Under the leadership of the late Carrie Hervin, a group of approximately 20 founding members created the "Reed College Women's Development Committee" in 1956. The member roster from 1956-57 is recorded as:
Mrs. E. B. MacNaughton (Cheryl)
Mrs. John R. Catlin (Helen)
Joan Kaplan Davidson
Mrs. C. H. Davis III (Anne)
Mrs. Arch Diack (Fran)
Mrs. Clark Graham
Mrs. William Haseltine (Maurie)
Mrs. I. E. Hervin (Carrie)
Mrs. Harold S. Hirsch (Elizabeth)
Mrs. G. Prentice Lee (Patricia)
Mrs. Matthew Riddle (Catherine)
Mrs. Robert Sabin (Catherine)
Mrs. Lawrence Shaw
Mrs. Norman Stoll (Helen)
Mrs. Archie R. Tunturi (Ruth)
Mrs. Simeon R. Winch (Mary)
Some of the other women credited with developing early programs for the committee included Vera Scott and Edith Levy Feldenheimer. In the committee's third year, the word "development" was dropped from the original name, as committee members felt it sounded too much like a YWCA class. A limit on membership years was also established to encourage turnover.
The founding philosophy of the Reed College Women's Committee (RCWC) was that it would be for women who had good minds, used them, and had regard for intellectual concerns. The committee goals remained the same over the years: to provide intellectual enrichment for members through regular meetings, to acquaint the surrounding community with Reed College, and to sponsor a fall lecture program of high quality whose proceeds would support some significant college need.
RCWC meetings were originally held around a table in the old commons "Blue Room", with consistent attendance of about 20 members. Sylvia Breed Gates, chairwoman in 1965 and one of the co-chairs of the 50th Anniversary Endowment Committee, described these meetings as the closest thing to recreating an old favorite, the college seminar-with members discussing what brought them to Portland and why they were on the committee-lifelong friendships were made during those gatherings. These "seminars" evolved into the Program Committee, where members discussed ideas and fleshed out topics for the lecture series. Many members remember how lively and intellectually stimulating these discussions were, hosted by the Program Chairs in their homes, with members seated on chairs or the floor.
Membership in the committee was through nomination only, based on the prospective new member's interest in and willingness to take part in the lecture series through ticket sales and personal involvement. To serve on the committee was considered a great honor. The RCWC encouraged a diversity of age and cultural backgrounds, community of residence in and around Portland, and civic, cultural, and professional interests. Categories of membership included Active: current members who served a three-year (later, a four-year) term, with responsibilities of selling lecture series tickets and sponsoring one new member; Permanent: general chairwomen/presidents, and program chairs who completed their active term on the committee; Honored: women who distinguished themselves by outstanding service to Reed College through the committee; and Friends: former members who paid an annual fee to remain on the committee's mailing list (added in the 1990s).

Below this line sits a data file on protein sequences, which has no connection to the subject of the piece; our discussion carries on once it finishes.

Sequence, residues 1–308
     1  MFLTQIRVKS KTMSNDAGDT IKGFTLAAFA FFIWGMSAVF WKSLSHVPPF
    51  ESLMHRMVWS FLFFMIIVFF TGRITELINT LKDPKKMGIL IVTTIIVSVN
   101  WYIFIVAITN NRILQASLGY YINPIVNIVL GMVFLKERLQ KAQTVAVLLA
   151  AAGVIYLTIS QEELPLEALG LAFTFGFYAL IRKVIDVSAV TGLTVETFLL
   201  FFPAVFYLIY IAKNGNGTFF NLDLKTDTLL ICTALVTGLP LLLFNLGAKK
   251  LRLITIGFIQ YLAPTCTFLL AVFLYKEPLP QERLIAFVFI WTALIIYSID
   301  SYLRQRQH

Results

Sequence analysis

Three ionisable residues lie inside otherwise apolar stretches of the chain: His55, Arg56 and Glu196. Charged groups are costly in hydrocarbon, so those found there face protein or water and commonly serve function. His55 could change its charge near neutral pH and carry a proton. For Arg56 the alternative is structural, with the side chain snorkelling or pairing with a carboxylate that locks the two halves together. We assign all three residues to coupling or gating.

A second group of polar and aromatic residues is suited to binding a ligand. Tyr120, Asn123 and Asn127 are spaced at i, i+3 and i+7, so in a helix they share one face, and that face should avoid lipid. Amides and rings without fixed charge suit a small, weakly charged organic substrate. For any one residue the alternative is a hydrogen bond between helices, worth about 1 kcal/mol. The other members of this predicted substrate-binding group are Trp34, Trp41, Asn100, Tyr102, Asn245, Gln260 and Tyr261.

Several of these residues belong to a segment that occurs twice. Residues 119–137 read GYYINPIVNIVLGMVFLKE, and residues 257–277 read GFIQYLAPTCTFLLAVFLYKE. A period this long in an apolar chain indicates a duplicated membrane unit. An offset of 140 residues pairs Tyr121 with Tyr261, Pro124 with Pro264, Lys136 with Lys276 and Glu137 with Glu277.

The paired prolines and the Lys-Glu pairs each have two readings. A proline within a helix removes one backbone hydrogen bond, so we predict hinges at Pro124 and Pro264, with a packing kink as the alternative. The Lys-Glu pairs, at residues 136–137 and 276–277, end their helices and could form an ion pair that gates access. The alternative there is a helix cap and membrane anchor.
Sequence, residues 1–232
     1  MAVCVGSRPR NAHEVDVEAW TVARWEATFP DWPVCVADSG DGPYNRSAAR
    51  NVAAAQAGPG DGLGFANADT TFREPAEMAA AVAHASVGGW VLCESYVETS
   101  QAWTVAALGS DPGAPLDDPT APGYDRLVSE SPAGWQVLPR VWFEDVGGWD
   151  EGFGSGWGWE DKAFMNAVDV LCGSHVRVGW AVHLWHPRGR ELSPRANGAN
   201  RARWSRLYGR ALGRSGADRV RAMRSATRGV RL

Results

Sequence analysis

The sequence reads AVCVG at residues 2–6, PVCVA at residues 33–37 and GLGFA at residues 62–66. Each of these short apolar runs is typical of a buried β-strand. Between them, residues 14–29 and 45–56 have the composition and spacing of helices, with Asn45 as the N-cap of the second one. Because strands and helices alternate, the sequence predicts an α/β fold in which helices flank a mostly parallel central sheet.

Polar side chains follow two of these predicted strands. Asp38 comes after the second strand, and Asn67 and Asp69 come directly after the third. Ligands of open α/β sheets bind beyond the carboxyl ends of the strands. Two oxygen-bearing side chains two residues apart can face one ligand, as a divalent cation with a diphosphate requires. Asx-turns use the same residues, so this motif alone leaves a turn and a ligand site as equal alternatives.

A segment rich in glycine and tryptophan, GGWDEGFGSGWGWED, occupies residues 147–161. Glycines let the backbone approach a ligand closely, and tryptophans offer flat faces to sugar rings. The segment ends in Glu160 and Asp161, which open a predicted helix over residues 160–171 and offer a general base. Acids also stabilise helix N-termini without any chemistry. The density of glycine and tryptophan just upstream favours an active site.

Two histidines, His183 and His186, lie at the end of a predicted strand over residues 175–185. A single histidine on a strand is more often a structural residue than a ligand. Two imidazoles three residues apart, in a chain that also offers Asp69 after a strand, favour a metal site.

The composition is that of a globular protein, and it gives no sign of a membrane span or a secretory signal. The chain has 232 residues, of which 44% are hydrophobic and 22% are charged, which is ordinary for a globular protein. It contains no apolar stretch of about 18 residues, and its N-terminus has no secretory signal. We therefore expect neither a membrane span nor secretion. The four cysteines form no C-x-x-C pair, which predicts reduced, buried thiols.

Committee member tasks were considerable and included securing speakers and orchestrating their visits, managing ticket sales, writing brochures and letters, ordering books, coordinating art exhibits, recruiting new members, budget management, record keeping, and promoting the lecture series. A distinctive feature of the RCWC was the creative contribution of the members, and the committee's successes have been the result of their imagination and hard work.
Funds raised were originally used to support music programs, visiting nonacademic lecturers from the Portland community, and other special efforts. The first lecture series in 1958, "Symphonic Heritage of Twentieth-Century Music", was a benefit for the college's music program and included lectures by Reed professors, each followed by a tea, as well as concerts. Tickets were $10 for the series, or $2 at the door. Beginning in 1964, the fundraising focused on student scholarships for American minority students; from 1971 to 1983, for international or older, nontraditional students; and since that time, for nontraditional female students. The existing criteria for awarding RCWC scholarships, as adopted by a long-range planning committee in 1997, is described elsewhere in this handbook. Two interactions with students occurred annually: the scholarship recipients would speak at the RCWC monthly lunch meetings, and several students would present their theses at a spring lunch.
For approximately the first 12 years, lectures showcased Reed faculty members. Beginning in 1970, speakers from all over the nation participated, all without compensation, except for their travel expenses. Faculty members continued to speak on intriguing topics at the RCWC monthly lunch meetings, and lively discussions usually ensued.
Originally held in member homes, the lectures moved first to the Eliot Hall faculty lounge, then to the Eliot Chapel to accommodate larger audiences; in the 1980s, the lecture series moved to Vollum Lecture Hall, and in the mid-90s to Kaul Auditorium.